Regardless of whether a resident’s family regularly visits, nursing homes must keep residents safe. However, nursing homes do not always fulfill their duties. A serious problem might go undetected until a visitor notices it.
Unfortunately, visiting your loved one might not always be possible. For example, the New Mexico Department of Health has decided to temporarily limit nursing home visitation to protect residents and staff from the COVID-19 outbreak. Families may be anxious about what these restrictions could mean for their loved ones.
Why monitoring loved ones is beneficial
Families of nursing home residents often find comfort in visiting their loved ones. In addition to seeing their loved one, families can monitor their loved one’s health and the staff’s quality of care.
Some issues that visitors can identify include:
- Bedsores, infections and other medical conditions
- Signs of physical abuse, such as bruises and lesions
- Environmental hazards, such as mold, rodents, flooding or uneven flooring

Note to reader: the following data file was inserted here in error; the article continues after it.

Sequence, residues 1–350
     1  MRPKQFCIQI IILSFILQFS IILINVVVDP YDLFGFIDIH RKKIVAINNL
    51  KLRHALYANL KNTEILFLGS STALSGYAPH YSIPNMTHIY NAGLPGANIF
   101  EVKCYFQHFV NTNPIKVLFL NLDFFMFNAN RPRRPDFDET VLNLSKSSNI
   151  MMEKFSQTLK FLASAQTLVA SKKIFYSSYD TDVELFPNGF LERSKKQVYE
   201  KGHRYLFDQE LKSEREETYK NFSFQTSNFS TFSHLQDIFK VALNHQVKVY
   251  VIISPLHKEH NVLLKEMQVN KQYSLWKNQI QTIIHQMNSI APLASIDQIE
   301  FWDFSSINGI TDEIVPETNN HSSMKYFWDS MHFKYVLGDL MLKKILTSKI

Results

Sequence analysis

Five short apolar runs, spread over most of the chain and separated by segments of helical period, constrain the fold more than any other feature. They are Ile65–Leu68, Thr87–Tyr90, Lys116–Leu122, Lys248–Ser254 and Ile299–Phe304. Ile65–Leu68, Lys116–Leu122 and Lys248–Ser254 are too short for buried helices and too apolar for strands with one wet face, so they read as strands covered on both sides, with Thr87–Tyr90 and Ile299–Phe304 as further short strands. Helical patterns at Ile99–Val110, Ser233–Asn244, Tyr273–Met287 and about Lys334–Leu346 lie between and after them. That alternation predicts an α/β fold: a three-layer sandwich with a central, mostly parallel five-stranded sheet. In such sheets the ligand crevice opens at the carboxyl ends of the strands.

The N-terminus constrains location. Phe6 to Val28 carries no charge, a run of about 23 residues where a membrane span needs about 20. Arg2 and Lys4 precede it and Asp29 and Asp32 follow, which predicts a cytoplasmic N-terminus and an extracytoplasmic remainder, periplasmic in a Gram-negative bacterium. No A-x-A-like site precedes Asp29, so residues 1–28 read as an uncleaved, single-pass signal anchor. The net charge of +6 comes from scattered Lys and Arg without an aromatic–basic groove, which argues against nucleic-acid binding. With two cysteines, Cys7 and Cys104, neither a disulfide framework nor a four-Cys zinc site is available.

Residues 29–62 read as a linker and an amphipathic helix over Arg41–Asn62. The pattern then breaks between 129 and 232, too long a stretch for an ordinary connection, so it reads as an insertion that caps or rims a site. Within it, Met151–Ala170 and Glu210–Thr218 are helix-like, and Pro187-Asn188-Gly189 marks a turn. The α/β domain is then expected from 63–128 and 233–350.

- Malnutrition or poor food quality
If you detect a problem, you can speak up for the resident – especially if the resident cannot speak for themselves. You can then work with the nursing home to correct the issue before it injures the resident. If the resident already suffered an injury, you can hold the institution accountable for damages in a lawsuit.
Residents are still entitled to proper care
You might worry about your loved one if you are no longer able to visit them due to the new restriction. In addition to the regular risks of neglect and abuse, residents may also face the possibility of viral infection.
This is a complex time, but the law still applies. Nursing homes must abide by the laws that protect the safety and well-being of residents. If you suspect that a nursing home is intentionally or negligently harming your loved one, learn about how to seek justice on their behalf.